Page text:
By: Sharon Mah
Faculty of Health Sciences (SFU FHS) assistant professor, Jean-Christophe Bélisle-Pipon is co-leading a team with professeure titulaire Vardit Ravitsky from Université de Montréal that will contribute to developing new knowledge, resources and guidance and establishing standards for ‘ethical trustworthiness’ for two projects within Bridge to Artificial Intelligence (Bridge2AI): Voice as a Biomarker of Health (‘Voice’), and Cell Maps for Artificial Intelligence (CM4AI).
Bridge2AI is a new initiative of the National Institutes of Health that will invest funds over a four year period to accelerate the widespread use of artificial intelligence (AI) by the biomedical and behavioural research communities.
“Voice-data and human cell maps research are both emerging research fields, and at present, there is little to no guidance with respect to the ethical, legal and social implications of this work,” says Bélisle-Pipon. “Within the Bridge2AI collaboration, there will be an opportunity for Dr. Ravitsky and myself to identify, anticipate, address, and provide guidance to other researchers creating datasets that will be compiled for use in AI applications. Our work will anticipate and address ethical challenges such as inclusion, diversity, privacy, consent, data ownership and sharing, AI transparency, and potential bias.”
“We intend to develop this module by using the approach of ethics inquiry through a continuum, starting from data generation and AI research and development, continuing into clinical adoption of the datasets, and extending to downstream patient health decisions and outcomes,” says Ravitsky.
During the first year of their work on the ethics module for Bridge2AI, Bélisle-Pipon and Ravitsky will establish the groundwork for voice-specific and cell maps-specific bioethical conceptual frameworks that will be informed by patient and stakeholder preferences and values. This investigation will be anchored in consensus-building, and will involve extensive collaboration with leading researchers in approximately 20 institutions across North America involved in Voice and CM4AI.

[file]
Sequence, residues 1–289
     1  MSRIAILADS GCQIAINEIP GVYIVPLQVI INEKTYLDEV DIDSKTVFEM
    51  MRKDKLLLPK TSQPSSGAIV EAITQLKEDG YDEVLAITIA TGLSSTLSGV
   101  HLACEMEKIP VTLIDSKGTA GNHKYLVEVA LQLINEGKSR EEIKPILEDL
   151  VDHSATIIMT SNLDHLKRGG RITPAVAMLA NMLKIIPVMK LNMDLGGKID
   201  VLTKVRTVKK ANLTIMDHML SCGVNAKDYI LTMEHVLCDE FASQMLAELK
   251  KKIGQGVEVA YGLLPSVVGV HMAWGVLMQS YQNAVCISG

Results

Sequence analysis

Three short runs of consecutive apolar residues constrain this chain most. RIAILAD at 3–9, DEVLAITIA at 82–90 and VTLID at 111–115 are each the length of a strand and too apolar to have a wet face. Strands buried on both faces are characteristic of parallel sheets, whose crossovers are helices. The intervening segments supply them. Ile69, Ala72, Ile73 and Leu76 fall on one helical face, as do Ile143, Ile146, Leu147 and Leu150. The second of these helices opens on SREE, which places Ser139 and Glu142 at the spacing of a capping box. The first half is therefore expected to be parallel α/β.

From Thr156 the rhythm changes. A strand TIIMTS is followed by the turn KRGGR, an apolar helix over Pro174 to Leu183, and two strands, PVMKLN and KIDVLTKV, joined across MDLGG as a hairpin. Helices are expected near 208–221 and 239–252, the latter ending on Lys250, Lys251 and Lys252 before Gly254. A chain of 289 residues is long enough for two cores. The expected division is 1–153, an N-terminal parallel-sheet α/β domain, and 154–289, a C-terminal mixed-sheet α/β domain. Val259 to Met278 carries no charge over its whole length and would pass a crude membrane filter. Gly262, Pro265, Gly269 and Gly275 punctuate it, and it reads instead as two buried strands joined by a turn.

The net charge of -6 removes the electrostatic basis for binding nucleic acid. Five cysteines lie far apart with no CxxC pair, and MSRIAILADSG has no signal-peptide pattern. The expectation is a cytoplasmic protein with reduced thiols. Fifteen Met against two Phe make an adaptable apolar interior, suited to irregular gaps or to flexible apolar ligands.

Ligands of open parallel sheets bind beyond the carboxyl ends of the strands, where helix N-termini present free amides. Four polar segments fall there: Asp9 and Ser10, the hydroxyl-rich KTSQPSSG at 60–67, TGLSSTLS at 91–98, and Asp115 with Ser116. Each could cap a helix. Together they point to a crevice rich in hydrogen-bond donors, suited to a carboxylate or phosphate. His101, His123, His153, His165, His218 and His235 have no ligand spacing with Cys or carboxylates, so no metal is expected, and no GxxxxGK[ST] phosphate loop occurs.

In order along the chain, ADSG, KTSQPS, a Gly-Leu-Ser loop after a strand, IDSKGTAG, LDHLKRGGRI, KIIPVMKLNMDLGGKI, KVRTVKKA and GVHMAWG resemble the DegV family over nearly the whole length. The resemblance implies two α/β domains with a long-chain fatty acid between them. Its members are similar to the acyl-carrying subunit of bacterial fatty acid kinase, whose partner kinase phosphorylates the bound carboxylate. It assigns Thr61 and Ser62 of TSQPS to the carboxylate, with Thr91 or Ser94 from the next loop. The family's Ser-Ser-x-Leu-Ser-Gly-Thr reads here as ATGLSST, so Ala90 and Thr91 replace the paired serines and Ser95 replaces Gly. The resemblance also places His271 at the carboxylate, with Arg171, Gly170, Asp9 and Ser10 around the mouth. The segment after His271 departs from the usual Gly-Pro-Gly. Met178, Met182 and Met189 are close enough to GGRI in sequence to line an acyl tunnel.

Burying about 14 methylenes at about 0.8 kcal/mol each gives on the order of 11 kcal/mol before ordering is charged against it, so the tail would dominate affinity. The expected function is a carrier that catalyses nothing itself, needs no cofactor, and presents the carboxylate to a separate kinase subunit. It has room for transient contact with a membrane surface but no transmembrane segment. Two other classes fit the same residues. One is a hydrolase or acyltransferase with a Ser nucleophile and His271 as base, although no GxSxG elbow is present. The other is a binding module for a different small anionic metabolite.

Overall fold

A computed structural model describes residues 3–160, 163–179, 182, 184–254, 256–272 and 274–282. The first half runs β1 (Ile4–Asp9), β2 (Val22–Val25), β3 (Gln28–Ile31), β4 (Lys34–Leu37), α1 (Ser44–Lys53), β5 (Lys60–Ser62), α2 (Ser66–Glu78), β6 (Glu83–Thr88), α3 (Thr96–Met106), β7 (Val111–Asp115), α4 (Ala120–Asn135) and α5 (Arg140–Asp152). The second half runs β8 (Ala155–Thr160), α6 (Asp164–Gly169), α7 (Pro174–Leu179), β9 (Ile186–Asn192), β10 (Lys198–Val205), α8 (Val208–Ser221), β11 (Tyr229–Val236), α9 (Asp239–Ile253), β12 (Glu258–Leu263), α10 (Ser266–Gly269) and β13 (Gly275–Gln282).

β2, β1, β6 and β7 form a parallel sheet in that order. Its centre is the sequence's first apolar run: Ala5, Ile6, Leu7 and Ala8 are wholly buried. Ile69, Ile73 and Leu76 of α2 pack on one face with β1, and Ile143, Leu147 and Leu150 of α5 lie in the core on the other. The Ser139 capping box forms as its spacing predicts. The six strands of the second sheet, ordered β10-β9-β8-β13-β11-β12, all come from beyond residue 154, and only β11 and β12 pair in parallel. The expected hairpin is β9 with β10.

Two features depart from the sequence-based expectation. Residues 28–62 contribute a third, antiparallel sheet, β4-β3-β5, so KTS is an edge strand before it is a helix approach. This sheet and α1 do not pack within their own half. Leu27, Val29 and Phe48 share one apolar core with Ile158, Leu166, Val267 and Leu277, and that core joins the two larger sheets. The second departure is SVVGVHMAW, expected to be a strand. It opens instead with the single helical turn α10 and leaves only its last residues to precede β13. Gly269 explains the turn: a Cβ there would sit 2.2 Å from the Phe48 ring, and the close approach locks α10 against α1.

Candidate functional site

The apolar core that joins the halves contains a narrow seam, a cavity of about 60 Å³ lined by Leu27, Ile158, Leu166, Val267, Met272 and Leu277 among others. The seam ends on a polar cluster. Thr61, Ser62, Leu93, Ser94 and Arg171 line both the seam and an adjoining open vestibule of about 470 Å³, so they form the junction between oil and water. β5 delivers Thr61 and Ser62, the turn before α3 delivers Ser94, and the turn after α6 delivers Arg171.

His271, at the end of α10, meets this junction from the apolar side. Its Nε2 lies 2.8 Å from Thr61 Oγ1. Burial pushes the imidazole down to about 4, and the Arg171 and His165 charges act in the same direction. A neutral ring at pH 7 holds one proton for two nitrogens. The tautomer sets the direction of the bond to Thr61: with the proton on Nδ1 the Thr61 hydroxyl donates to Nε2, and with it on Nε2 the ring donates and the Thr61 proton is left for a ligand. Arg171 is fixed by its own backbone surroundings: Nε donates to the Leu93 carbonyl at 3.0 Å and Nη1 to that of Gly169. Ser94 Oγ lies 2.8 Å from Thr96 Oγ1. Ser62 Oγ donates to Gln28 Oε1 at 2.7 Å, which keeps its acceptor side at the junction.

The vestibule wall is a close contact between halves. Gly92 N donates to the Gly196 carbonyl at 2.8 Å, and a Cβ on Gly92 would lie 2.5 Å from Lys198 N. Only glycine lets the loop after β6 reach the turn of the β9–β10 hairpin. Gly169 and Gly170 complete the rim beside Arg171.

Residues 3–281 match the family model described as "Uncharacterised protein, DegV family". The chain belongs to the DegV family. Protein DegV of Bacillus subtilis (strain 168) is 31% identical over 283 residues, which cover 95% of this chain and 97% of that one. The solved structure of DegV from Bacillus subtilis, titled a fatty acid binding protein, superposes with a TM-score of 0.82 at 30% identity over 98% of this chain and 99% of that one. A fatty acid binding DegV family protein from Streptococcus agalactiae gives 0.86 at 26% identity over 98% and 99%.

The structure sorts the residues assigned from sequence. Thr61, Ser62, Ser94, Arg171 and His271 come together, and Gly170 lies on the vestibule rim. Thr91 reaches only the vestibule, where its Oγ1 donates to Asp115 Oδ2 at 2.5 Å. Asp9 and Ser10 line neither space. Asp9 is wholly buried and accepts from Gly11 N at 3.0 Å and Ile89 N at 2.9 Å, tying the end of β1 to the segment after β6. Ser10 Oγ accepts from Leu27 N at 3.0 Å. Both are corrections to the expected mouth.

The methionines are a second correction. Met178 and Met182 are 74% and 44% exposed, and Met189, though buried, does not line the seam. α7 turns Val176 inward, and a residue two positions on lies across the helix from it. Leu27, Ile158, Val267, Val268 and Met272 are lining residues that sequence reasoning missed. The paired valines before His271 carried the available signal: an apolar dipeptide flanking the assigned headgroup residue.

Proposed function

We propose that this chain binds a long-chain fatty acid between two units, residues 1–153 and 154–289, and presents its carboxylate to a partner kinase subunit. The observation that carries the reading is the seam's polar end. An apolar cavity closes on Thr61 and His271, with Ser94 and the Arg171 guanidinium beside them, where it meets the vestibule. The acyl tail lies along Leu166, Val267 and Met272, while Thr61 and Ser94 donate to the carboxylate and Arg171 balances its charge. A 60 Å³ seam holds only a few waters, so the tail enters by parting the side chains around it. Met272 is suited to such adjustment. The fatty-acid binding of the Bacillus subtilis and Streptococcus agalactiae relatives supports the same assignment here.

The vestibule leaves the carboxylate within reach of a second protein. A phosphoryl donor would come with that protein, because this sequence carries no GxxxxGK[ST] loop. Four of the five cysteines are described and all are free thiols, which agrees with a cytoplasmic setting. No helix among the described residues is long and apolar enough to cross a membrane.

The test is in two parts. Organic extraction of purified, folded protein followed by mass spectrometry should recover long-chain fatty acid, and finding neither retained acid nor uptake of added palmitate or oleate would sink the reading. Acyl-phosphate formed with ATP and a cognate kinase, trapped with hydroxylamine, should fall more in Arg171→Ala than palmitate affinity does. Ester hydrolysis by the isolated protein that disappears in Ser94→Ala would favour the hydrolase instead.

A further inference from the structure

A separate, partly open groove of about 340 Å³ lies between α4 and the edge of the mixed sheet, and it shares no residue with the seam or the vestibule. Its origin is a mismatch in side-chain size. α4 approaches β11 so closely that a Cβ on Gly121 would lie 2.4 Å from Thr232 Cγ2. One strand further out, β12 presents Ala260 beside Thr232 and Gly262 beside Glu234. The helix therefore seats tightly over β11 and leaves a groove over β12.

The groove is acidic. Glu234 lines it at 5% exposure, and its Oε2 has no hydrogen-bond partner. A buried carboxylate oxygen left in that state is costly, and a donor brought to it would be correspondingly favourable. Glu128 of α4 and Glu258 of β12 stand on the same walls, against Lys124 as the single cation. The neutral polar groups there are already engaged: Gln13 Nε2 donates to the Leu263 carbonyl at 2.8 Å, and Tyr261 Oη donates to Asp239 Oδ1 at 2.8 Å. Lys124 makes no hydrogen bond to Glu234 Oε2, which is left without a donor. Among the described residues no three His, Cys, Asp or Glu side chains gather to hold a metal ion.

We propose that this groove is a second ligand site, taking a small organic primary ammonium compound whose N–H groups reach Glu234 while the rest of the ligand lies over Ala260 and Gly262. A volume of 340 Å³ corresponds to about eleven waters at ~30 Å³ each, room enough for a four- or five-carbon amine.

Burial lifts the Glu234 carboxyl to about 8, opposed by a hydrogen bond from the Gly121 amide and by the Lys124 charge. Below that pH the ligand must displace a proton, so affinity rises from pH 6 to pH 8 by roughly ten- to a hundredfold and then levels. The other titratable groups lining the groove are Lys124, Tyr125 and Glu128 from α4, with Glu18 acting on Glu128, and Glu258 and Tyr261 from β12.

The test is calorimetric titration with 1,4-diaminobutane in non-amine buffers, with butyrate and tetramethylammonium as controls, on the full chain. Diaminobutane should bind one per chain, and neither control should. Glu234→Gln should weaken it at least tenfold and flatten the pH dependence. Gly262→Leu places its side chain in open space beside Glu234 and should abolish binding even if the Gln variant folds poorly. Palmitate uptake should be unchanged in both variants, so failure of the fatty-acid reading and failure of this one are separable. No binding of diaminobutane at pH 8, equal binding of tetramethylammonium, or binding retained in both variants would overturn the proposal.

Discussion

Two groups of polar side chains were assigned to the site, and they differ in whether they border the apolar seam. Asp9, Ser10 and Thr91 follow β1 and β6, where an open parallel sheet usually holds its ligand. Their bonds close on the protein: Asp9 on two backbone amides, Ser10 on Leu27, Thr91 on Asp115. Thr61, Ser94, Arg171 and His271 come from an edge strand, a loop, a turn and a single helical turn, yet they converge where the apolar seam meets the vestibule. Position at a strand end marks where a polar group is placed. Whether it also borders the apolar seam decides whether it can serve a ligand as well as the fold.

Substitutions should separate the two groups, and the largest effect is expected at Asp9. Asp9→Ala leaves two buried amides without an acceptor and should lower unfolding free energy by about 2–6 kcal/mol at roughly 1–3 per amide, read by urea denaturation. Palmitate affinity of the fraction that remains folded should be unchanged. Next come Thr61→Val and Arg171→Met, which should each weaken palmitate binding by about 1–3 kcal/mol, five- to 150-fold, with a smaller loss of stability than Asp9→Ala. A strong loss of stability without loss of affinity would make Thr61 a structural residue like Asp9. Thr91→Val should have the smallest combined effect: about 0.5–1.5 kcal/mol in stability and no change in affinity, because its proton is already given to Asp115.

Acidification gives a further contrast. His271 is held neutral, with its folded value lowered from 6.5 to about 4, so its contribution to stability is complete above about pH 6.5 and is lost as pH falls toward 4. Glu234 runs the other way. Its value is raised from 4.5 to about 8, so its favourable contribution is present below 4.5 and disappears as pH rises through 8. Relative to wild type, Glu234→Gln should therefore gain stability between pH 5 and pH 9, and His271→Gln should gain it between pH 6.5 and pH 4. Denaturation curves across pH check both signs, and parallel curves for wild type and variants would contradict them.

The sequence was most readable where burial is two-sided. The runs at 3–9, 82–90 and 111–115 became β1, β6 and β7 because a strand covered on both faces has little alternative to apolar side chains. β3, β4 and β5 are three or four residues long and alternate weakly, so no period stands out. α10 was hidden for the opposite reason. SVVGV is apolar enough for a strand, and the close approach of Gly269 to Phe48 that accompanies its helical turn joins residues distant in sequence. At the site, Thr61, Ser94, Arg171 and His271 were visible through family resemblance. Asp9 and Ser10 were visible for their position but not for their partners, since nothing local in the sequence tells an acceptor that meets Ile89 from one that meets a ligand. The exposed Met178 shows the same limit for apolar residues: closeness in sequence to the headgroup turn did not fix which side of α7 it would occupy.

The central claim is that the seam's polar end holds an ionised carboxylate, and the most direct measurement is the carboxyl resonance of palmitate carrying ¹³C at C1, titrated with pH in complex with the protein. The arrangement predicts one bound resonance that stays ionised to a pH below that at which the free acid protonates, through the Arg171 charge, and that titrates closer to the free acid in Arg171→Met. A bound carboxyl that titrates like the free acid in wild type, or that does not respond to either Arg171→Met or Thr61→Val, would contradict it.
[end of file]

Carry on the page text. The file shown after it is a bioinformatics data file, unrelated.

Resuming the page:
“This is an extraordinary opportunity to root this important health AI research in a strong ethical grounding so that it doesn’t perpetuate health inequities or ethical problems that may occur during data collection, analysis, or deployment,” observes Bélisle-Pipon. “AI has incredible potential to address and possibly solve some of our most pressing health challenges. It’s essential that diversity is integrated into the development of these tools and resources so that we can increase representation of historically marginalized people in the data. This will reduce biases and ultimately improve the effectiveness of the technologies that will be derived from this research.”
Each project within this initiative brings together team members from diverse disciplines and backgrounds from across the US and Canada to generate ethically-sourced tools, resources and richly detailed state-of-the-art data sets that are responsive to AI approaches. The Voice as a Biomarker for Health module is being co-led by assistant professor Yael Bensoussan with the University of South Florida, and professor Olivier Elemento of Weil Cornell Medicine. Cell Maps for Artificial Intelligence is being headed by professor Trey Ideker of UC San Diego.